The Internet is a magical place where ideas become reality. It’s a canvas of endless opportunity, where dreamers accomplish things that no one would have thought possible even 20 years ago.
It’s also a cesspool of hate. And judgment. And not to mention discrimination and racism. Spend one hour reading YouTube comments and you can lose all faith in humanity.
And it feels like those boundaries between creative, worthwhile innovation and unbridled superficiality and prejudice have blurred by the day. Essentially, we don’t treat one another like people on the Internet anymore. And no one really seems to mind.
Since we’ve been long heading in that direction, nothing that is invented, regardless of how controversial it is, should really surprise anyone anymore.
That is, until an app called Peeple, where users can give ratings to people that they know, said it was coming, and the Internet got really, really mad.
We’re well past the point where apps can cause people’s feelings to get hurt. Mobile dating apps, specifically, let us judge one another solely on our looks. Ensuing conversation lets us judge based on personality. If some one isn’t up to scratch, you discard them with a swipe of your finger.
But it serves a purpose of potentially finding you a partner, so no one really complains.
Peeple, meanwhile, doesn’t seem to have any real tangible reason to exist besides objectifying people. Conceived by Canadian entrepreneurs Julia Cordray and Nicole McCullough, the app, due to launch in November, was first brought to public attention in the Washington Post last week.
Almost overnight, Peeple became the target of a firestorm of hatred. An online petition is calling on Apple and Google to block the app’s release. The app also deleted its entire social media presence in light of all the negative feedback. (Humorously, there is another Facebook page for an entirely separate invention called Peeple that has been forced to publicly disassociate itself with this new app in recent days — and also begs the question of a potential lawsuit.)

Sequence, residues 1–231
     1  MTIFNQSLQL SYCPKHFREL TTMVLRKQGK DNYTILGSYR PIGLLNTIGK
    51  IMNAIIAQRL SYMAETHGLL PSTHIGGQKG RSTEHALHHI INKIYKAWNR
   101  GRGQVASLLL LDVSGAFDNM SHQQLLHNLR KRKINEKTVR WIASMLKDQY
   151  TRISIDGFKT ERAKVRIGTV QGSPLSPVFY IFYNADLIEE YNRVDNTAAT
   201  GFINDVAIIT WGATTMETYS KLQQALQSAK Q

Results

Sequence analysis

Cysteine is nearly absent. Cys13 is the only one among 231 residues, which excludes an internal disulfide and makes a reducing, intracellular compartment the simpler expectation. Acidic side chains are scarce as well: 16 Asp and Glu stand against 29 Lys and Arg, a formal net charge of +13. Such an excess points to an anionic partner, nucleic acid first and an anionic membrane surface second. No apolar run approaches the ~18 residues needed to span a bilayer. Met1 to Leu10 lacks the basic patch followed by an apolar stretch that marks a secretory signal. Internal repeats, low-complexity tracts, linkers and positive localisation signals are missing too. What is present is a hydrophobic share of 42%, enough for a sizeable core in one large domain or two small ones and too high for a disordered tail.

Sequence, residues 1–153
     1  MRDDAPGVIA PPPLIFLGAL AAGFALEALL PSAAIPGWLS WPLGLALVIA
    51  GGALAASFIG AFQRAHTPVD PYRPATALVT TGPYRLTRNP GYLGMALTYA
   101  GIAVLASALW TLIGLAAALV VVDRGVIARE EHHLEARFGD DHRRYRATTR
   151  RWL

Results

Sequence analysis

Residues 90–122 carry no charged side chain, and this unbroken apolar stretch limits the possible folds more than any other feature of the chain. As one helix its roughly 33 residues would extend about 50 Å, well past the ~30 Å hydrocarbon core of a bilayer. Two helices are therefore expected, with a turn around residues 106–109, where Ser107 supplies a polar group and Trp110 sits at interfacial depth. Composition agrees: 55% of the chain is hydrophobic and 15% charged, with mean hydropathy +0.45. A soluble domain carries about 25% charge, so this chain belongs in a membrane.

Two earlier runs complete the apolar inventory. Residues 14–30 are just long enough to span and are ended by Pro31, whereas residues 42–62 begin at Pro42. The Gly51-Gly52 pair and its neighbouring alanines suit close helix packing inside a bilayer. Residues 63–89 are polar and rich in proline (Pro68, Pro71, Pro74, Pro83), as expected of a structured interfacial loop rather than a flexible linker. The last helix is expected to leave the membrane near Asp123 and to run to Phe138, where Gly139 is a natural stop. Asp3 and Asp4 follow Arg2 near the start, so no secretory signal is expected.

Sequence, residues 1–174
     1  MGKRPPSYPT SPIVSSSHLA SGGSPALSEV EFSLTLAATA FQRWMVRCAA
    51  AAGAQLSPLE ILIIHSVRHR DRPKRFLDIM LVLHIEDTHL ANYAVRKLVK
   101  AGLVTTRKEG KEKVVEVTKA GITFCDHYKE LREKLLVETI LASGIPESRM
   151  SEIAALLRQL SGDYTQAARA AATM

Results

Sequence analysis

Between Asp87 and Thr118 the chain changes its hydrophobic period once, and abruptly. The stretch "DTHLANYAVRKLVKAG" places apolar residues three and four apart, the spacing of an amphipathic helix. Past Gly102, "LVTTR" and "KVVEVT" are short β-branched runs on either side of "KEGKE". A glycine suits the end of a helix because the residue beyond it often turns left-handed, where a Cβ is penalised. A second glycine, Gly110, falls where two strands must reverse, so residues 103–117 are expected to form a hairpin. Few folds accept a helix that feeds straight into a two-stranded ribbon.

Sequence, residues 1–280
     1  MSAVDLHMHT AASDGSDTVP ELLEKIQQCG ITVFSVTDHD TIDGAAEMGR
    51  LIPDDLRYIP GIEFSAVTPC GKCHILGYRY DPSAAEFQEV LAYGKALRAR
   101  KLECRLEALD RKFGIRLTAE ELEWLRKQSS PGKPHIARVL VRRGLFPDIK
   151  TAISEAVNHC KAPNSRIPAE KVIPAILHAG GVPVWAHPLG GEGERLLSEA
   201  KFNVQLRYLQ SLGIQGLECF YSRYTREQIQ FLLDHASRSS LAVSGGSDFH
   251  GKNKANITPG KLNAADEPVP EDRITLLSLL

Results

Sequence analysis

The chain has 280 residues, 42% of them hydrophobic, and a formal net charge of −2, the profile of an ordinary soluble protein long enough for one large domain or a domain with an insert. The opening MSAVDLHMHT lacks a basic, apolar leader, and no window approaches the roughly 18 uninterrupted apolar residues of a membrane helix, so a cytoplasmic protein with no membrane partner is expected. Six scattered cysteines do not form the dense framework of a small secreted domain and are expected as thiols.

The idea is that you can give a rating of one to five stars — with commentary — to another person, whether it be a friend, an ex, or a neighbor. The Post reported that if you have a Facebook account, you are automatically eligible to be in the system, and once you get reviewed, you cannot opt out. That got people mad.
Critics of the app say that this could be damaging to even the most stable-minded people.
Cordray, who has been documenting the creation of Peeple in an online series, said she had received death threats following the article. But she then amended some of the details she had told the Post, saying in a LinkedIn blog post on Sunday that people won’t be added to the app without granting permission, and that negative comments will not be tolerated. She also admitted she made a mistake classifying it as a “Yelp for people.”
“Peeple is a POSITIVE ONLY APP,” Cordray wrote. “We want to bring positivity and kindness to the world.”
I just find it interesting that this was finally the breaking point for most people. The Internet was already chock full of apps that lack any regard for human emotion. So why is everyone shocked when another one comes along?
Could Peeple bring about the end of humanity? Maybe.
But if it’s not this, then something else will.